|Year : 2019 | Volume
| Issue : 4 | Page : 105
Access or continuity?
Department of Family Medicine, Queen's University, Kingston, ON, Canada
|Date of Web Publication||23-Sep-2019|
Dr. Margaret Tromp
Department of Family Medicine, Queen's University, Kingston, ON
Source of Support: None, Conflict of Interest: None
|How to cite this article:|
Tromp M. President's message.
Access or continuity?. Can J Rural Med 2019;24:105
I am presently doing a locum in Moose Factory, and in this historical but isolated location, I am reminded of technologies that have improved communication among health-care professionals and with patients. The two-way radio allowed isolated nursing stations to communicate with physicians. This was followed by the telephone and the fax machine, then the Internet that allowed notes and images to be transferred. In Moose Factory, when I order an X-ray on a patient in the Emergency Department, the report, read by a radiologist in Timmins, is often available when I go back to reassess the patient.
Virtual care is a recent development in patient care. Initially, virtual care required telemedicine equipment that was only available in hospitals and clinics, and a nurse would be present with the patient to assist with examination. Now, it can be done from the comfort of one's home, or in some cases, from a local pharmacy.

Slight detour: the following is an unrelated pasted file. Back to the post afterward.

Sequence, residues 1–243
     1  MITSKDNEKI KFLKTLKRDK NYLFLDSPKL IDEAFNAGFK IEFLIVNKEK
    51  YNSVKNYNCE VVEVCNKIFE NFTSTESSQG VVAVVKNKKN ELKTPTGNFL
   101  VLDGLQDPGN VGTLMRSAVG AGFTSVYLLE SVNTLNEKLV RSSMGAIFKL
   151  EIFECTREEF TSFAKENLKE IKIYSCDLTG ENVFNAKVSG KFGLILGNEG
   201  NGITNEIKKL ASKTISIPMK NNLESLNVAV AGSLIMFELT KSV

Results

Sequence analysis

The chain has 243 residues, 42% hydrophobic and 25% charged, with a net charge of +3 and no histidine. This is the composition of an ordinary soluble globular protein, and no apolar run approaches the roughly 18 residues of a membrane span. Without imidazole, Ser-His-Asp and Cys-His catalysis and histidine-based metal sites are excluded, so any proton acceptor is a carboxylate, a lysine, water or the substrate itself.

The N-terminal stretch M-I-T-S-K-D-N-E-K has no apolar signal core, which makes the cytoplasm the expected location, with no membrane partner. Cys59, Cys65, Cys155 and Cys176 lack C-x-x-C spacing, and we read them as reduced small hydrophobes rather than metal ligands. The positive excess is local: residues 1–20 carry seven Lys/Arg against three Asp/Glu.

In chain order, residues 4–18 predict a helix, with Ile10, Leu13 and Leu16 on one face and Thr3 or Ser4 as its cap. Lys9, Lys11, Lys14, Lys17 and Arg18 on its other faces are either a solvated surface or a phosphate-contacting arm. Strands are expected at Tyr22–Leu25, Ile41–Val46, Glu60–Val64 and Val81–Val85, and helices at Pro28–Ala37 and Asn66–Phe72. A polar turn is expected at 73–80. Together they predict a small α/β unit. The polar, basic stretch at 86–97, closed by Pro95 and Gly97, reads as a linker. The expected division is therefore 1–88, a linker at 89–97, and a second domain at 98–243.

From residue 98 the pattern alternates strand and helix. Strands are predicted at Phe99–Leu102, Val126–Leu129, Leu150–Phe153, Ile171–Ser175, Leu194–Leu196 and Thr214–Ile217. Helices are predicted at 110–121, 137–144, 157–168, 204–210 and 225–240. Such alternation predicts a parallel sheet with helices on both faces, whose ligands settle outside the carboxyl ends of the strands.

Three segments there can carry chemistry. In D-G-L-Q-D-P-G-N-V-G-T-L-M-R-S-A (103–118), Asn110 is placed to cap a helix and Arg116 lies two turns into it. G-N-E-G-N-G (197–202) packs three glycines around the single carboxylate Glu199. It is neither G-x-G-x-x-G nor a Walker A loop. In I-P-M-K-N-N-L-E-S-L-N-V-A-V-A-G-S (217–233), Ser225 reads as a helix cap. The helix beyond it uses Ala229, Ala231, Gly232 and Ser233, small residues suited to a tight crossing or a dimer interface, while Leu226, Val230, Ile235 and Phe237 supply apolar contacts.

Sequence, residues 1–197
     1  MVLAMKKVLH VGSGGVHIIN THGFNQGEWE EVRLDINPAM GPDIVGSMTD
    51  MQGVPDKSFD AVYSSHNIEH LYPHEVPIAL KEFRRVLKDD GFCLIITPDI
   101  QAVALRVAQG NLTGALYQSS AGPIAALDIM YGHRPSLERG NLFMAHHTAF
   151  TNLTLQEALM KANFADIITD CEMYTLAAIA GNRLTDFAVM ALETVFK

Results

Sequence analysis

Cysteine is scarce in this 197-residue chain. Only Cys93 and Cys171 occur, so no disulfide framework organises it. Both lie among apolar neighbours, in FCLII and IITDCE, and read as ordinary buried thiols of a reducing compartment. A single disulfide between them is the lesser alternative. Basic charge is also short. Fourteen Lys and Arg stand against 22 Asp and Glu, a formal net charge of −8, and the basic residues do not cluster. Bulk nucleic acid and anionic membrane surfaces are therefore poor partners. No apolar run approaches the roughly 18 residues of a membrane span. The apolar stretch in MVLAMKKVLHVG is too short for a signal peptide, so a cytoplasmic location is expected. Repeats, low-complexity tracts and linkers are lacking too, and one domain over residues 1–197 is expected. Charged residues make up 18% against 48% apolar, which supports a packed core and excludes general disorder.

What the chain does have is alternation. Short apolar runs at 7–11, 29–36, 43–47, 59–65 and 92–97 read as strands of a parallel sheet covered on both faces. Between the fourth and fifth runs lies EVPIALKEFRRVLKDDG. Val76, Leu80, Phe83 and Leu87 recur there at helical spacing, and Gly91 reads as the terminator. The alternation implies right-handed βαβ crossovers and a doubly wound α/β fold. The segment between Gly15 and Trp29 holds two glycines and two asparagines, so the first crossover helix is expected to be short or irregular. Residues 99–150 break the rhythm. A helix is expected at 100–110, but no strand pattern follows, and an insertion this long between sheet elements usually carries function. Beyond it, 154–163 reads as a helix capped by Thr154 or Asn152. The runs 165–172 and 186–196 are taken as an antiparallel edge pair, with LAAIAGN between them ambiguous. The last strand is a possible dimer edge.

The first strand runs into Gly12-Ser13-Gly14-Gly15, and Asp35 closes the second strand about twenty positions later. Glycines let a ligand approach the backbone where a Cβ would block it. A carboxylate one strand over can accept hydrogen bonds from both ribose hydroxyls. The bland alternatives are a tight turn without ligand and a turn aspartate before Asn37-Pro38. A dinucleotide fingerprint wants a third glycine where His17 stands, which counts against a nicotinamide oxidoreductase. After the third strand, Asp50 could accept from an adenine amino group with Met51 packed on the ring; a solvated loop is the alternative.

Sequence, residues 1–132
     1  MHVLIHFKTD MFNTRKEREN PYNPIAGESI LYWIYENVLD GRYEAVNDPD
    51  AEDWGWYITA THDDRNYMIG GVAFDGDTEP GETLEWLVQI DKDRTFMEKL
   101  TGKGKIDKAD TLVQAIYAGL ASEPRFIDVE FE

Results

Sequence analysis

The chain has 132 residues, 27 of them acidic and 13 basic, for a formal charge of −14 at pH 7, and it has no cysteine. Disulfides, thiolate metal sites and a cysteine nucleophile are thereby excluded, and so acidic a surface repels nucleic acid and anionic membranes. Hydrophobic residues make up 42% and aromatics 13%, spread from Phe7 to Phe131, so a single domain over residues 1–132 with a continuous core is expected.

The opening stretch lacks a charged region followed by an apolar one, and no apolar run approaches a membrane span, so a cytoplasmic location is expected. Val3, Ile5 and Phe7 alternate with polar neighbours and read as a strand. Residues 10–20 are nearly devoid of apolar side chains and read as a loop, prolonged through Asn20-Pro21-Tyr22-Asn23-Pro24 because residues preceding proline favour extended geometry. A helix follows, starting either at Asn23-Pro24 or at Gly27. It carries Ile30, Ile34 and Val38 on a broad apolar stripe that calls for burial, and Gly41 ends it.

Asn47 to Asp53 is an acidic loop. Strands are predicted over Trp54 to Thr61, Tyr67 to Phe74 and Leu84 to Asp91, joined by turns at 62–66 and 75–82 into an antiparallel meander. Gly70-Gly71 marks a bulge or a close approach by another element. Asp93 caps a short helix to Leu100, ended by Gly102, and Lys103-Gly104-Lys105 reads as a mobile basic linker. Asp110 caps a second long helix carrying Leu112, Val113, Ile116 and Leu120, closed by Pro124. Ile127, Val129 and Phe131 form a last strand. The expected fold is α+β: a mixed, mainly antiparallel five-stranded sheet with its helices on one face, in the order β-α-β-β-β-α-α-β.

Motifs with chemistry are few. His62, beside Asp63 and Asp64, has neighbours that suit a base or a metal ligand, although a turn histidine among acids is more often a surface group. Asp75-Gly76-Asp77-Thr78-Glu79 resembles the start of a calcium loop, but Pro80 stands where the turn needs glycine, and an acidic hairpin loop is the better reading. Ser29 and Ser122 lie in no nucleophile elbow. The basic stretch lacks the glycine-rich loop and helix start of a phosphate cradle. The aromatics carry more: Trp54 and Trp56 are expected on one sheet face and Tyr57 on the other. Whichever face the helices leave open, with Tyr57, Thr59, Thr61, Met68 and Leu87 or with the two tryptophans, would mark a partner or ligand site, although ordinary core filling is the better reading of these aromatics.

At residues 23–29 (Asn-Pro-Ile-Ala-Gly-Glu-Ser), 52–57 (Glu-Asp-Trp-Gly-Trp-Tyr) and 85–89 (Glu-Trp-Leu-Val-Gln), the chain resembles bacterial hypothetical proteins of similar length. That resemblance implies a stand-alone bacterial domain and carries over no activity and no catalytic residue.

Many rural communities have a doctor shortage, and free-standing clinics can improve access for patients. This must be balanced against their lack of continuity. We know that continuity of care reduces mortality  and decreases system costs. Patients generally value access over continuity for acute problems but value continuity for chronic issues, multimorbidity and “checkups.,"
Family medicine is dependent on context, and local physicians are familiar with available resources and referral pathways, as well as economic and social issues that may affect the patient's health. Physicians providing stand-alone, episodic virtual care should be encouraged to spend clinical time in the community that they service, so that they too can understand their patients' context.
Some physicians who are unable to work full time in a rural community may be able to support a rural population through regular in-person visits supplemented by virtual care when they are not in the community.
And finally, virtual care could be used by physicians to see their own patients, who are unable to come to the office and do not need physical exams, so that continuity is maintained.
| References|| |
Pereira Gray DJ, Sidaway-Lee K, White E, Thorne A, Evans PH. Continuity of care with doctors-a matter of life and death? A systematic review of continuity of care and mortality. BMJ Open 2018;8:e021161.
Hollander MJ, Kadlec H. Financial implications of the continuity of primary care. Perm J 2015;19:4-10.
Ehman KM, Deyo-Svendsen M, Merten Z, Kramlinger AM, Garrison GM. How preferences for continuity and access differ between multimorbidity and healthy patients in a team care setting. J Prim Care Community Health 2017;8:319-23.
Oliver D, Deal K, Howard M, Qian H, Agarwal G, Guenter D, et al.
Patient trade-offs between continuity and access in primary care interprofessional teaching clinics in Canada: A cross-sectional survey using discrete choice experiment. BMJ Open 2019;9:e023578.